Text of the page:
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Balochistan: Facts and Fiction

Balochistan, the strategically important and the largest province of Pakistan, with 43.5 percent landmass of the country, is passing through a crucial phase of its history. Although there seems an unprecedented thrust for economic development of the province, the status quo is being disturbed and there is a clash of interest between the stakeholders. The centuries old feudal culture will be threatened. There is a conflict between certain sardars (feudal lords) and the government, the province and the federation, and the ethnic and sectarian entities in the province. Besides, there are grievances of the political parties and the people, related to the economic underdevelopment and quantum of autonomy for the province.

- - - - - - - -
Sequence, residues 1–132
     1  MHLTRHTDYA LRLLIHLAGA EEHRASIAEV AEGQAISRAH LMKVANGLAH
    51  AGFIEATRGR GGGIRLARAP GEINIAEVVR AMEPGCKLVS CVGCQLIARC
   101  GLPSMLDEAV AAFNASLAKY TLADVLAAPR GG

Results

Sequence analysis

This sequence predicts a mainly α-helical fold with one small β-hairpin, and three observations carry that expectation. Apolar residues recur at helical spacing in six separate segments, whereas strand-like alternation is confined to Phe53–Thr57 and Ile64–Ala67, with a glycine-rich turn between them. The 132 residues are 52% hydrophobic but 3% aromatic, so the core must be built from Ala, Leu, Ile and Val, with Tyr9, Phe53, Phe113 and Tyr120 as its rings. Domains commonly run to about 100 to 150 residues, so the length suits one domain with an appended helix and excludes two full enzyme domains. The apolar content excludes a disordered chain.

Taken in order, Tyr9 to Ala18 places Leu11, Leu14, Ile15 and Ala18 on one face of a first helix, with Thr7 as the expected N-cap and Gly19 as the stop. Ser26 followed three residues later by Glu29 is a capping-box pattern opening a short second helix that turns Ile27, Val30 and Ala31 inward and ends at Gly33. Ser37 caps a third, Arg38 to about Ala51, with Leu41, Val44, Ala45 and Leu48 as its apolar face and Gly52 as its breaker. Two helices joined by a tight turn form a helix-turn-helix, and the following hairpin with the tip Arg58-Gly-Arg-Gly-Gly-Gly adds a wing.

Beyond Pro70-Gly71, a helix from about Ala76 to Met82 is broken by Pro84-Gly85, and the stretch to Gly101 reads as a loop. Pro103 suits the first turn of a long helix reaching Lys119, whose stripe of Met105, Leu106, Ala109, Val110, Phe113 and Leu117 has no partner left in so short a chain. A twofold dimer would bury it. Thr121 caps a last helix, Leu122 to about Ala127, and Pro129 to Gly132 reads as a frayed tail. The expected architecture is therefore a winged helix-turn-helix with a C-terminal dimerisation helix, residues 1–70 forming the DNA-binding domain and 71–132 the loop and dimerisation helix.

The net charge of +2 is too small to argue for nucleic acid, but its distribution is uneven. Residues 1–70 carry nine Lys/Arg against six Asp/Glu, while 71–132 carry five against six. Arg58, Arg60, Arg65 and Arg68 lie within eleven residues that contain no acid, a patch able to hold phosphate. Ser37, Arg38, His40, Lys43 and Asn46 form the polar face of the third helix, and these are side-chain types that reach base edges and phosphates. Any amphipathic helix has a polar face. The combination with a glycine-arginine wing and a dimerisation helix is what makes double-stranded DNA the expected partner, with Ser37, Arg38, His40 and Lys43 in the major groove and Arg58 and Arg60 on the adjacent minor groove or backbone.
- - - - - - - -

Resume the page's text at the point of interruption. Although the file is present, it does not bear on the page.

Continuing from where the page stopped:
In fact, since independence in 1947, there have been intermittent disturbances in Balochistan. These are being variously referred to as deteriorating law and order situation, ‘militancy’, ‘insurgency’, and ‘uprising’ or ‘resurgent nationalism’. Whatever the nature of the trouble, Pakistan Government is confronted with a challenge how to deal with the prevalent situation. There is a need to improve law and order situation and to be sensitive to the underlying and immediate causes, so as to find suitable responses to satisfy the people. The causes for the disturbance and violence by certain elements and by certain groups of people, in certain areas, especially in Dera Bugti and Kohlu districts, as well as by the ‘nationalist’ political parties and upcoming intelligentsia of Balochistan, can be traced into history as well as in political, social, economic and external factors.
Authored by Dr Noor ul-Haq
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